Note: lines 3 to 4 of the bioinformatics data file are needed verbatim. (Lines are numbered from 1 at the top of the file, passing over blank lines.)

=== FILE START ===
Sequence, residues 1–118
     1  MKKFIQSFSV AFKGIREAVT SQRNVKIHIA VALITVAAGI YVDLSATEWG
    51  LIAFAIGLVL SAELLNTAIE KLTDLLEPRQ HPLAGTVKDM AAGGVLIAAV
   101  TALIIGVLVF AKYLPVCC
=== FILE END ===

    51  LIAFAIGLVL SAELLNTAIE KLTDLLEPRQ HPLAGTVKDM AAGGVLIAAV
   101  TALIIGVLVF AKYLPVCC